There was a huge range of ideas and practise when it came to how individual producers sell their meat with a common starting point being ‘friends and family’ before word spread and demand was in danger of outstripping supply. Trudie Thomas of Ritoweg Farm does a little bit of everything from farmers’ markets to pubs, from farm gate to via her own butcher. The markets are a commitment but she enjoys them because of the direct contact with her customers and the satisfaction of securing those ‘repeat’ orders: vital for any business. Social media can play a major role, though for most, it was only a small part of their marketing success. For Fiona at Bere Marsh it was an article in the Guardian that really kick-started her selling. Holly, at Brendon Hill Meats, although a relatively new producer, only slaughters when she has the orders, thus guaranteeing a return.

    Some producers sell individual cuts, others only sell in ¼ or ½ animals, often using box schemes and postal orders. Despite thinking to the contrary, the ‘red tape’ part of the selling was, according to most of the produces we spoke to, pretty straightforward. One of the easiest ways to get the meat to customers and avoid virtually all red

    tape is to secure your orders and then get the butcher to cut, pack and send. That way, once the live animal has left your smallholding/farm, other than providing the butcher with the address labels and cut requirements, your job is done!!! Providing recipes for your customers was a top tip from Trudie (and others).

    High welfare and a trusting relationshipAt the first meeting of the newly formed Devon and Cornwall Boer Goats, we discussed the similarities between raising kids and lambs: spring-born, autumn slaughter, milk and pasture-fed, similar health issues. The major difference is the animal itself: goats generally seem more inclined to bond with their human owners, they are also higher maintenance (hate the rain, need shelter, need regular feet trimming) which probably enhances this bonding! Most of the producers we spoke to seemed to feel this difference very keenly and operate very high welfare standards because of it. With Boer goats there is something about their trust in you that makes you want to give them the best possible life!!

    Read Jack’s daily blog at www.relaxedathome.org.uk where you can also find livestock for sale and details of their ‘Relaxed’ smallholding courses.

    Massive thanks to all the producers we spoke to for their help and support in creating this article

    • Fiona Gerardin: www.beremarshfarm.co.uk • Katrina Gowing: www.nettagoats.co.uk • Jacqui Pateman-Jones: 07793583088 • Holly Purdey: www.brendonhillmeats.com• Trudie Thomas: www.ritowegfarm.co.uk • Avril Wooster: www.britishboergoats.co.uk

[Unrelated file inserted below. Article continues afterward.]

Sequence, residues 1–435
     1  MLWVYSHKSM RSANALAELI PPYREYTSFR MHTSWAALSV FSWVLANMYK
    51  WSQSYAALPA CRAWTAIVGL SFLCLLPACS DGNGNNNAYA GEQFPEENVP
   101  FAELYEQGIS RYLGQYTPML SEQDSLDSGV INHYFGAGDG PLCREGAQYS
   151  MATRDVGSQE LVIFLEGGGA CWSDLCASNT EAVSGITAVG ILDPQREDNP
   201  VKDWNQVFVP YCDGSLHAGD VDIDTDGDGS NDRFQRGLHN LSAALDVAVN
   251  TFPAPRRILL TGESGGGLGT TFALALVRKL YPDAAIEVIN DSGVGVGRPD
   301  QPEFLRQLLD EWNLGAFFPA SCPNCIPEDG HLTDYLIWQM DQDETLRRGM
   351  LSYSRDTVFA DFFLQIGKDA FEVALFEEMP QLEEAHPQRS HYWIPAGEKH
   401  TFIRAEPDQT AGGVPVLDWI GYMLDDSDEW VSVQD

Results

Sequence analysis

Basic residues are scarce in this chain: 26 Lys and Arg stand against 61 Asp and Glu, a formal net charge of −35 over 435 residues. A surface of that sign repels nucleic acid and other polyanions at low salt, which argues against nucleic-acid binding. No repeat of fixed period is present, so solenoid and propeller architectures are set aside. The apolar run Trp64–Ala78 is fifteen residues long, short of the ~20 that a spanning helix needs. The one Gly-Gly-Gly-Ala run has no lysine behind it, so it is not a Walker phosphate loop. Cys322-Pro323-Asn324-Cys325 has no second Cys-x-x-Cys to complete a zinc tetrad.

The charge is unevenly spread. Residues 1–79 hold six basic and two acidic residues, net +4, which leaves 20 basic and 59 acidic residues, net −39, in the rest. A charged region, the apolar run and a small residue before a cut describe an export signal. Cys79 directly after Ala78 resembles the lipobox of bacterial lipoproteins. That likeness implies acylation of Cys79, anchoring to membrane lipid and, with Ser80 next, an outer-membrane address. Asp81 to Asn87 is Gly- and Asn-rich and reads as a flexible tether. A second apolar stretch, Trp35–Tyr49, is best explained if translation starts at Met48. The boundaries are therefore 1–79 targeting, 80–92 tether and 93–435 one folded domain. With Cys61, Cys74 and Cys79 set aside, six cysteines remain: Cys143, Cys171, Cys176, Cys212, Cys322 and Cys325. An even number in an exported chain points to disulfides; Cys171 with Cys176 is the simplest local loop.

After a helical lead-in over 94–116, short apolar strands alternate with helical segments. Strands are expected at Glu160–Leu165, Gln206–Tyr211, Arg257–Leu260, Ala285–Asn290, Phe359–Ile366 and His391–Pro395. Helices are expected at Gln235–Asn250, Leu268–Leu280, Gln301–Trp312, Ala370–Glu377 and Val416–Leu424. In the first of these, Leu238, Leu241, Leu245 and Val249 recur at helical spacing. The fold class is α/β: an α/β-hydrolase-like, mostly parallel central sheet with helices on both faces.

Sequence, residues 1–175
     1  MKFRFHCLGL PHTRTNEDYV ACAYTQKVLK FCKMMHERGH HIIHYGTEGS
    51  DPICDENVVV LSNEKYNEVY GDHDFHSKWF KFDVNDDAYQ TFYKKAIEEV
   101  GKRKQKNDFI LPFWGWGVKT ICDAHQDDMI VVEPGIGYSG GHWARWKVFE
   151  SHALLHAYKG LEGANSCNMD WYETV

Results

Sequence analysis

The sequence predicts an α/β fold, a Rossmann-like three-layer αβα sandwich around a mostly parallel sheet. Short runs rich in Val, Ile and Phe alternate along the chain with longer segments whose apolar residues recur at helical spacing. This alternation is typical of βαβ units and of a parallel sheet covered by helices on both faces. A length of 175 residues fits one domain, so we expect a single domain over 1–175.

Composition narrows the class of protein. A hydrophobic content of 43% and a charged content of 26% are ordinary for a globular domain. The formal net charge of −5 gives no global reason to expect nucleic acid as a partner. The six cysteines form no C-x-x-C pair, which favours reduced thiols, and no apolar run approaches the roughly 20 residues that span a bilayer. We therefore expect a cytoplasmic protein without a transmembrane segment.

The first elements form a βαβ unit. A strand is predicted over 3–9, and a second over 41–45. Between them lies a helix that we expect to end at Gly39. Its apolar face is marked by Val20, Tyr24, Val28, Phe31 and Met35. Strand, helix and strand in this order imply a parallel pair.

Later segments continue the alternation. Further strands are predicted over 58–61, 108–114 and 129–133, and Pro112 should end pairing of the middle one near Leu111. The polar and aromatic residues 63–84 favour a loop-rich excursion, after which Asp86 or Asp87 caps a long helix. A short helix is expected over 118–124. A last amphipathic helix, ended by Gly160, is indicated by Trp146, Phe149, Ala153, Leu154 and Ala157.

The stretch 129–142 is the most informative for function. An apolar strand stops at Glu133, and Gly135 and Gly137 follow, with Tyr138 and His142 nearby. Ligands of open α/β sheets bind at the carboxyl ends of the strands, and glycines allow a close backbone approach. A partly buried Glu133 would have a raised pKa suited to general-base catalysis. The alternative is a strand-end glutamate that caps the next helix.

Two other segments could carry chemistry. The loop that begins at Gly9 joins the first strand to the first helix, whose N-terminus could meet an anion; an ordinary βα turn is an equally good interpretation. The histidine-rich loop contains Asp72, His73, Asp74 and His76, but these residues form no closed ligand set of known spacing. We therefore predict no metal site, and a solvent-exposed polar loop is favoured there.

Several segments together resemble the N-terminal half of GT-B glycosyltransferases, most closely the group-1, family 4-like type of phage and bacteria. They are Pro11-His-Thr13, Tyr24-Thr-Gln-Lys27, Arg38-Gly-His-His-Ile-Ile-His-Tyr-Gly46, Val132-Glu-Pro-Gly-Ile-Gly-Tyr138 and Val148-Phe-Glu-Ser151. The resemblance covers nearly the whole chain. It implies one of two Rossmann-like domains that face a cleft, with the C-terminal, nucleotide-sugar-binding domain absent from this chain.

Also see: www.devonandcornwallboergoats.co.uk and www.britishboergoatsociety.co.uk

    SH

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34 | SMALLHOLDING BOER GOATS THE BOER GOAT A fter seven years of dairy goat keeping and making cheese, we decided to add a couple of Boer goats to our mix and start to raise our own goat meat. In the May/June edition, we described the heartache that occurred when we had to cull/sell on our dairy goats but also the success of our first year of Boer breeding when each of our two nannies had triplets!!! Going from three to nine goats in the space of 48 hours was rather humbling. Our first set of triplets gave us a 2:1 ratio in favour of girls and then the next set were all boys, but as we were starting a mini goat meat enterprise, maybe this was not such a bad thing. Whatever the numbers though, having kids around again after a gap of two years (we had not bred in 2016 due to our move), was a fabulous reminder, should one be needed, as to how much we love our goats! Our Boers are seriously chilled animals and generally very biddable, most other producers we have spoken to, many with much larger numbers, say the same. Did you know that goats were one of the first animals to be domesticated and that in the wild, the top goat is a female but she will have a male ‘deputy’ who will often go on ahead to find places to eat and sleep or rest? Did you also know that goat meat is the most widely eaten meat in the world, but then with a population of over 850 million goats, this is perhaps no wonder? The Boer goat has its origins in South Africa where it has been bred specifically for meat. The name is derived from the Afrikaans (Dutch) word ‘Boer’ meaning farmer. The Boer goat has a shorter lactation period than the dairy breeds and a faster growth rate, reaching 40-50kgs or more in as little as five months, although most producers like to see their animals get to at least six months before slaughter. The rise of goat meat… In this country, goat meat IS now gaining in popularity and goat keepers should be applauded for helping ‘Joe Public’ realise that there is a lot more to goat meat than a ‘goat curry’, although there is still a way to go on this: all the producers we spoke to who offered specific cuts, told us that ‘diced’ goat meat is still their most popular sale!! Two of the leading weight watching/ diet organisations now advocate goat meat as part of dietary control as it has At the start of her own Boer goat enterprise, Jack Smellie talks to several existing producers and explains why Boers and their meat have so much to offer, as well as gaining valuable advice for newbies such as herself…… Looks, personality and great meat! Goat kids love to play and climb, AND pose!